- Stakeholders who work with electors experiencing homelessness shared with EC that allowing vouching for more than one person would be really helpful for their audiences.
- Finally, stakeholders asked that EC look at creating more accessible communications content and educate younger people and people with disabilities on the importance of voting.
- Some stakeholders expressed difficulties related to outreach due to COVID-19. It was pointed out that online engagement is great, but it has limits in attracting new or infrequent voters. They suggest more in-person engagement, when possible. They also suggested that EC extend outreach and educational programming beyond the election period.
- Stakeholders said that EC could include broader media campaigns that engage with influencers and create videos to attract and inform voters.
- Stakeholders shared that they would like EC to develop more communications products specifically for youth (GIFs, videos, memes) and for seniors (larger print and more traditional products).
- EC heard that the visual journey in Toolkits could be made simpler and clearer – it was difficult for some people to follow visually and made things seem more complicated, which is the opposite of the desired effect.
- Regarding rules and guidelines related to communications, stakeholders asked EC to clarify the rules for impartiality of Tweets and social media posts, as they felt there were discrepancies throughout the election (similar posts being treated differently).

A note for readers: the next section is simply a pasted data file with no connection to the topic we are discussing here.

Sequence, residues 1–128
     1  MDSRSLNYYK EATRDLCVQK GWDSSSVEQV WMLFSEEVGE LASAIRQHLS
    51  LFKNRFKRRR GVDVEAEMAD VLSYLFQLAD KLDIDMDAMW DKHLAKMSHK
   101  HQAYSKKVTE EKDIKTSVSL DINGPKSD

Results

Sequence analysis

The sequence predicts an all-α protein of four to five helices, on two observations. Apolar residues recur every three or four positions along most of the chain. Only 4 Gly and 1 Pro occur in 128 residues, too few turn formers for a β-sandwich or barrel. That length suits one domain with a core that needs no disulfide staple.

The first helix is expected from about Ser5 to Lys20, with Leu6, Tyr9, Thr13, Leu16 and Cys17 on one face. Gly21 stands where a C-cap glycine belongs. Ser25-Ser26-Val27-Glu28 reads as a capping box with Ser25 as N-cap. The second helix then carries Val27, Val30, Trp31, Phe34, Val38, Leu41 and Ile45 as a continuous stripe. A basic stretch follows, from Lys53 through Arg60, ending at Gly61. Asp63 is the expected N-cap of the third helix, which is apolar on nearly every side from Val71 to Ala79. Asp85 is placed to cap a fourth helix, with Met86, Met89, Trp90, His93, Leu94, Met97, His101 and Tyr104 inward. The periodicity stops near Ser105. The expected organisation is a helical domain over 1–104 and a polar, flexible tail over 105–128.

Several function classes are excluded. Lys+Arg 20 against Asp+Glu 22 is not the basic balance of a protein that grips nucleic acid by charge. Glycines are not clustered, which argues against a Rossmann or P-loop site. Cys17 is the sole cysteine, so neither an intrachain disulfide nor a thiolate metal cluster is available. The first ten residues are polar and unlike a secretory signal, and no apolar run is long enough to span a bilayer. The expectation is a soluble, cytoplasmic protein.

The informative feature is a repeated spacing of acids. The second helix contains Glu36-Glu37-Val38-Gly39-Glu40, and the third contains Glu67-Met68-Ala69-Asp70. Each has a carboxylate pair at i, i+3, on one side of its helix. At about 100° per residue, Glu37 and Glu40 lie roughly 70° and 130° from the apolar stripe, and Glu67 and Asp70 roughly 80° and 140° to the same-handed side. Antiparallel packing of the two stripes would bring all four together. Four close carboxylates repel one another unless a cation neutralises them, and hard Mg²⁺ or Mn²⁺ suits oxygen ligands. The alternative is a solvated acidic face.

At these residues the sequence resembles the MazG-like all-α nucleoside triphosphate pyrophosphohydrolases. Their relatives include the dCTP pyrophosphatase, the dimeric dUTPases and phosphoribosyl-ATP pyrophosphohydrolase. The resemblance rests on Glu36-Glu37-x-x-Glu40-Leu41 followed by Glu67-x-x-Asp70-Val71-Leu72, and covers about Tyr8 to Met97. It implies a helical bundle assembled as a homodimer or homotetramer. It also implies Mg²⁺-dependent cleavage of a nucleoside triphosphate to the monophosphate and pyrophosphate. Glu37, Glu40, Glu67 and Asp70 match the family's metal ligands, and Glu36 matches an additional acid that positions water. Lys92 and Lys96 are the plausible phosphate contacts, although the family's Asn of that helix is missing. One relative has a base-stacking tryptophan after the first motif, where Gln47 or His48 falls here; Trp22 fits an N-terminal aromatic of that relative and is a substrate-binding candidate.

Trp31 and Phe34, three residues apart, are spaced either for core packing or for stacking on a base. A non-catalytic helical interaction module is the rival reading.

- Stakeholders observed that trust in the integrity of elections was eroded by misinformation. They suggest providing more tools to help inform voters, especially youth, about the integrity of the electoral process.
- Stakeholders said that, when asking them to spread the word about recruitment, EC should tell stakeholders who has already been hired or contacted in their communities.
Outreach to Indigenous communities
- EC was asked to provide more products in Indigenous languages. While many Indigenous youth don't have an Indigenous mother tongue, they appreciate the number of languages available. Stakeholders said that content in Indigenous languages needs to be updated and revised sooner for information campaigns to run appropriately.
- Regarding outreach to Indigenous communities, stakeholders made it clear that there is more awareness and outreach needed with urban Indigenous people on how and where to vote, working during elections, rights as a voter, how the electoral process works, etc. These sessions need to consider varying levels of engagement, addressing barriers to participation, providing wraparound supports for participants to attend and compensating youth for their time. Stakeholders suggested hosting talking/sharing circles, focus groups, in-person or virtual workshops, and drop-in Q&A sessions.